Researchers from Washington University in St. Louis have constructed a hand-held photoacoustic microscopy device that uses lasers and sound waves to measure how deep a melanoma tumor extends into the skin. This can provide crucial information, revolutionizing the current approaches used by doctors to treat and diagnose melanoma.
In the study entitled “Handheld photoacoustic microscopy to detect melanoma depth in vivo”and published in the Optics Letters journal, the team tested their device in vitro on artificial tumors and in vivo using mice models of melanoma, showing the instrument could successfully measure melanomas with 4.1 and 3.7 mm thicknesses in living tissue.
The mechanism behind this newly developed technique relies mostly on a photoacoustic effect whereby light can be converted into vibration. A laser beam is projected directly towards the tumor, and melanin (skin pigment) absorbs this light, whose energy is then converted into high-frequency acoustic waves, which do not disperse when travelling through skin.
Because melanoma cells produce higher levels of melanin than the surrounding healthy tissue, these acoustic waves can produce a kind of map delimiting the entire tumor area. Furthermore, the device is endowed with software that can transform this information into a 3D image on a computer screen.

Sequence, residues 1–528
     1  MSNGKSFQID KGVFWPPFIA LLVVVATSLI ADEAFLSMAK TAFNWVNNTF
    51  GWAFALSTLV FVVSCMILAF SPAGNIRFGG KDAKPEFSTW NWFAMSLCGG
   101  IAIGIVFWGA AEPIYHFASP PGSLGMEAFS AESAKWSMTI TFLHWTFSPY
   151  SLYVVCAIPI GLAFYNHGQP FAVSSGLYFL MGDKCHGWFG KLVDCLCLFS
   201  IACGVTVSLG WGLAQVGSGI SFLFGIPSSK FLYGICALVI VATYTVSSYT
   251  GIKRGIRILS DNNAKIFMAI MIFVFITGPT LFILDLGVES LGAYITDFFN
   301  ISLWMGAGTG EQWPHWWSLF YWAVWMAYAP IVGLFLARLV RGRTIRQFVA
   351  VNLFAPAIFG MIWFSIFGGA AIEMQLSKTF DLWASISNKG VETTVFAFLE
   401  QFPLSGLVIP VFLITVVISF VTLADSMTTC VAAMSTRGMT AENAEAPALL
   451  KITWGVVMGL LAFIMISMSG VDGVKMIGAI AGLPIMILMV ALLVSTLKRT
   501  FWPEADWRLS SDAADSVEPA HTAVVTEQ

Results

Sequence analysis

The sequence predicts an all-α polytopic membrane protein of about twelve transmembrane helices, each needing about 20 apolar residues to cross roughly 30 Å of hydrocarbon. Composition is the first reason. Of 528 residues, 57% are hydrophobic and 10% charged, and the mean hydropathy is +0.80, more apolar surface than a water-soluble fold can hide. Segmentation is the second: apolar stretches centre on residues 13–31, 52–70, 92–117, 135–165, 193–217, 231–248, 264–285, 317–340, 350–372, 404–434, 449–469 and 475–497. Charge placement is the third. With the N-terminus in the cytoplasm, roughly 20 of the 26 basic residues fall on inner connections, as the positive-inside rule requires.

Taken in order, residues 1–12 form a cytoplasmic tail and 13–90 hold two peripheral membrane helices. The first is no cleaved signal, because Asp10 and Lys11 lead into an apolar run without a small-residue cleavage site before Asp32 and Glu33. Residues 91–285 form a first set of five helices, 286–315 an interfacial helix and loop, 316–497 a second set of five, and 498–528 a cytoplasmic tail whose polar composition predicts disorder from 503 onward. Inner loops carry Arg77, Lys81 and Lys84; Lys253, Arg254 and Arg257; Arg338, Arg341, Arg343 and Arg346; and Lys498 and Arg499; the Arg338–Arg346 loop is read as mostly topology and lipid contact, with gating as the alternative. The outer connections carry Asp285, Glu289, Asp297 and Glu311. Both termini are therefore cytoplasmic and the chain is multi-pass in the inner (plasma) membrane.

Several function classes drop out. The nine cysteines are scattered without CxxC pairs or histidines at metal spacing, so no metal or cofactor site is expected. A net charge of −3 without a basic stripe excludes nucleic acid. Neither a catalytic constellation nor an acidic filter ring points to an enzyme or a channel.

The problem with current techniques is that they can’t directly measure a tumor with accuracy, since light is scattered throughout the skin and cannot penetrate deep into the tissues. “None are really sufficient to provide the two to four millimeter penetration that’s at least required for melanoma diagnosis, prognosis or surgical planning,” engineer Lihong Wang, coauthor of the paper said in an Optical Society press release.
Moreover, due to the small size of a skin biopsy, it may not be possible to measure tumor depth, many times leading patients to preform a second excision if the surgeon finds that the tumor is deeper than initially predicted.
The chances of a melanoma tumor to become metastatic and deadly increase the thicker it becomes. To be able to measure the depth of the tumor in vivo provides a powerful tool to determine prognoses earlier, more accurately and to plan suitable treatments. Additionally, this instrument can measure a tumor’s entire volume, allowing for correlations on how tumor volume can relate to cancer outcomes.
In the near future, this device will be used solely for doctors to improve planning and surgery preparation, however, the researchers envision it can become available for commercialization after testing in clinical trials.